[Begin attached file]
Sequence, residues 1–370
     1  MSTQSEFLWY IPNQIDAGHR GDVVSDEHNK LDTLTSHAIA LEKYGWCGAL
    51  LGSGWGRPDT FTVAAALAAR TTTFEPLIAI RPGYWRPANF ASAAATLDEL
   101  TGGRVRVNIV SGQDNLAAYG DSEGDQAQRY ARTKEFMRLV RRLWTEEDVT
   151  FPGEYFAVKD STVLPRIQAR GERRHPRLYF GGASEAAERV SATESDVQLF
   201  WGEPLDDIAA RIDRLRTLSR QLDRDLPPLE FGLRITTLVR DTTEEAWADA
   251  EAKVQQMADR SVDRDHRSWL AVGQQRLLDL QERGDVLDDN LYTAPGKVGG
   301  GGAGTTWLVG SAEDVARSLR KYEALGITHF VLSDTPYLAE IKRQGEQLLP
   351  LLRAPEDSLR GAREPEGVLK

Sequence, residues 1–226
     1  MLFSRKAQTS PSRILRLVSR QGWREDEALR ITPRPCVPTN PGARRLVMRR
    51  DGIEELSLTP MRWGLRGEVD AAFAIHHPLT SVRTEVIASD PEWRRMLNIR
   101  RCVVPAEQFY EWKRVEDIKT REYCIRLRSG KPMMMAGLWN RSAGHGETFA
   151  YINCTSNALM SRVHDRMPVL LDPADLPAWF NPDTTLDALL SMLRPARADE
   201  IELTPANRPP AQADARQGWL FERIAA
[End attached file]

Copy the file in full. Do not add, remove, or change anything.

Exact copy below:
Sequence, residues 1–370
     1  MSTQSEFLWY IPNQIDAGHR GDVVSDEHNK LDTLTSHAIA LEKYGWCGAL
    51  LGSGWGRPDT FTVAAALAAR TTTFEPLIAI RPGYWRPANF ASAAATLDEL
   101  TGGRVRVNIV SGQDNLAAYG DSEGDQAQRY ARTKEFMRLV RRLWTEEDVT
   151  FPGEYFAVKD STVLPRIQAR GERRHPRLYF GGASEAAERV SATESDVQLF
   201  WGEPLDDIAA RIDRLRTLSR QLDRDLPPLE FGLRITTLVR DTTEEAWADA
   251  EAKVQQMADR SVDRDHRSWL AVGQQRLLDL QERGDVLDDN LYTAPGKVGG
   301  GGAGTTWLVG SAEDVARSLR KYEALGITHF VLSDTPYLAE IKRQGEQLLP
   351  LLRAPEDSLR GAREPEGVLK

Sequence, residues 1–226
     1  MLFSRKAQTS PSRILRLVSR QGWREDEALR ITPRPCVPTN PGARRLVMRR
    51  DGIEELSLTP MRWGLRGEVD AAFAIHHPLT SVRTEVIASD PEWRRMLNIR
   101  RCVVPAEQFY EWKRVEDIKT REYCIRLRSG KPMMMAGLWN RSAGHGETFA
   151  YINCTSNALM SRVHDRMPVL LDPADLPAWF NPDTTLDALL SMLRPARADE
   201  IELTPANRPP AQADARQGWL FERIAA